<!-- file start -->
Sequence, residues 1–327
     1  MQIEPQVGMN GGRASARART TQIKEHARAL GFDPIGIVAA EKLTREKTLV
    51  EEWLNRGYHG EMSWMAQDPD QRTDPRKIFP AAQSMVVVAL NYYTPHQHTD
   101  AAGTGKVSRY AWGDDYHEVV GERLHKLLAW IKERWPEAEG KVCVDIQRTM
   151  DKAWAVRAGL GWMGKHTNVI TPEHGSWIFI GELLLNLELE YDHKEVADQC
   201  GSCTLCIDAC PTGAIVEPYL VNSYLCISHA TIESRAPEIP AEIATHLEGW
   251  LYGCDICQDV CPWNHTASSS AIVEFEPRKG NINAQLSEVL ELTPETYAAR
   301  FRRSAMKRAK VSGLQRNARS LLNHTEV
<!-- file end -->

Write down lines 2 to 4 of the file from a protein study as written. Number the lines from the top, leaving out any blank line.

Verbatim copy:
     1  MQIEPQVGMN GGRASARART TQIKEHARAL GFDPIGIVAA EKLTREKTLV
    51  EEWLNRGYHG EMSWMAQDPD QRTDPRKIFP AAQSMVVVAL NYYTPHQHTD
   101  AAGTGKVSRY AWGDDYHEVV GERLHKLLAW IKERWPEAEG KVCVDIQRTM